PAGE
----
The album begins with the languid “Castaway,” which seems to pick up the narrative thread that left off on King Shit. The verse traverses ground similar to the Beatles’ “Happiness is a Warm Gun,” until midway, whereupon Chris launches into an elephantine solo, his guitar emitting a great pachydermic wail. Oh yeah!
Vocally, Chris fuses Captain Beefheart with Fred Cole, exorcising his dark interpersonal demons on “Drivin’ Me Mad,” while paving a black-top, two-lane grunge highway on guitar that drives hard from here all the way back to Status Quo’s “Pictures of Matchstick Men.”
The prototypical primordial grunge of “Homo a Go Go.” Thick, churning clouds of guitar hover low over the brimstone collision between human introspection and a fast-changing species. Joy Division meets Interpol in a dark cavern. Sublime. The rueful ballad “Bad Television” arrives, full circle, at the other end of the musical telescope, recalling “My TV,” a gem from Chris’ days with the Untouchables at the beginning of his career.
But where the former was a bit of a cheery ode to the companionship a television occasionally offered—the new song affords a far darker view. “I blame bad television, in all its encompassing nature.” Much has changed since Chris wrote “My TV” thirty-five years ago, the cultural landscape since laid to waste is starkly captured here. A touch of moody cocktail piano adds just the right touch of cynicism to the presentation.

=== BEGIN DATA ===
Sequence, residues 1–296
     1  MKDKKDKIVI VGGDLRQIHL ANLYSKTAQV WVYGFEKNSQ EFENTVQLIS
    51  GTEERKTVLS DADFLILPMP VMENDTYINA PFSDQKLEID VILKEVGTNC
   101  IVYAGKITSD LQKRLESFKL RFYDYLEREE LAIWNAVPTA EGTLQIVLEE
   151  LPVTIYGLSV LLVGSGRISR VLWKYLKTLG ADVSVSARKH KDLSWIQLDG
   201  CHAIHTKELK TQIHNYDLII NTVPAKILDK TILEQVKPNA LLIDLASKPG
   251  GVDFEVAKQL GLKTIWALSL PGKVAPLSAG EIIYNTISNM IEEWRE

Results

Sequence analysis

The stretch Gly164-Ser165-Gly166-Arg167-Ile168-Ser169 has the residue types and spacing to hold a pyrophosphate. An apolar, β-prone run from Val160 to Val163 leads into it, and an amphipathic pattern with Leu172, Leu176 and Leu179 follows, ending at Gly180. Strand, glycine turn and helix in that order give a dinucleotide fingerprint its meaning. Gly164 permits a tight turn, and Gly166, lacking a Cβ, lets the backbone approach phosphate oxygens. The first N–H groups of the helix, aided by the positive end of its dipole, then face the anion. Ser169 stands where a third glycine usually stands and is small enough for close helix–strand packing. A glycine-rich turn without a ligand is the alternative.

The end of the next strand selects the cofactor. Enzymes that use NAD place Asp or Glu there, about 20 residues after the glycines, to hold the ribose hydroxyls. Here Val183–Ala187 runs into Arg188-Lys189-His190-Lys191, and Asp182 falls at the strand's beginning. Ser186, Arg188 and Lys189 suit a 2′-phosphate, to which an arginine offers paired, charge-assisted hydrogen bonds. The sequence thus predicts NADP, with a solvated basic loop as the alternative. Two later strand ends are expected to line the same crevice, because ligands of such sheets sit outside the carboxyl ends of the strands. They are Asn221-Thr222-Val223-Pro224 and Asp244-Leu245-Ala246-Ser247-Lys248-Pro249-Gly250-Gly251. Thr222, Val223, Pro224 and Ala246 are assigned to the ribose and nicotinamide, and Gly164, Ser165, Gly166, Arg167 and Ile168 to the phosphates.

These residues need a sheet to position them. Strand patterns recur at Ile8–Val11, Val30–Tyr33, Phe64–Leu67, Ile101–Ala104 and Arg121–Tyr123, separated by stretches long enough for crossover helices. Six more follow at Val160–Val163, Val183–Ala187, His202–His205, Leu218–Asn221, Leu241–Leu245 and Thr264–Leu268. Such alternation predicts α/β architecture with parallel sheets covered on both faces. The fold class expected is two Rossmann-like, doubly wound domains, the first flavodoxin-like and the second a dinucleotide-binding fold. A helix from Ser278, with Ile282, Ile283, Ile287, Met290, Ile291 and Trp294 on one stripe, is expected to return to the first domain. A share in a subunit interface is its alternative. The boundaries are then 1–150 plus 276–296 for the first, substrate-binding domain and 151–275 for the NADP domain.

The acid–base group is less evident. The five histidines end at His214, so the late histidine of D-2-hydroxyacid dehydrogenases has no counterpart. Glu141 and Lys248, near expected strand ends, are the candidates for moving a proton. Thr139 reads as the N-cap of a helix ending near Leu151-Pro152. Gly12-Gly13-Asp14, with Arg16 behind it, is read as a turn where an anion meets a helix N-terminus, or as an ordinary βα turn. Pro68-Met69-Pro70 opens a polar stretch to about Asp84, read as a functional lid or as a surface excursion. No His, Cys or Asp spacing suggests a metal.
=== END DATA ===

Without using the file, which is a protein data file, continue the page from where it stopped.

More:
“Elsewhere” is a bit of Floydian psychedelia, circa the Syd era. There’s a shadow of early Who hanging over the production as well. Chris invests a Leslie-like tremolo to his mournful solos, a tone that fits the ‘60s mode to a T. The moody psychedelia continues with the spacy, somnambulant ballad “Rings of Saturn.” Chris’ sparse, soaring guitar leads conjure Explosions in the Sky in scale of epic sonic majesty.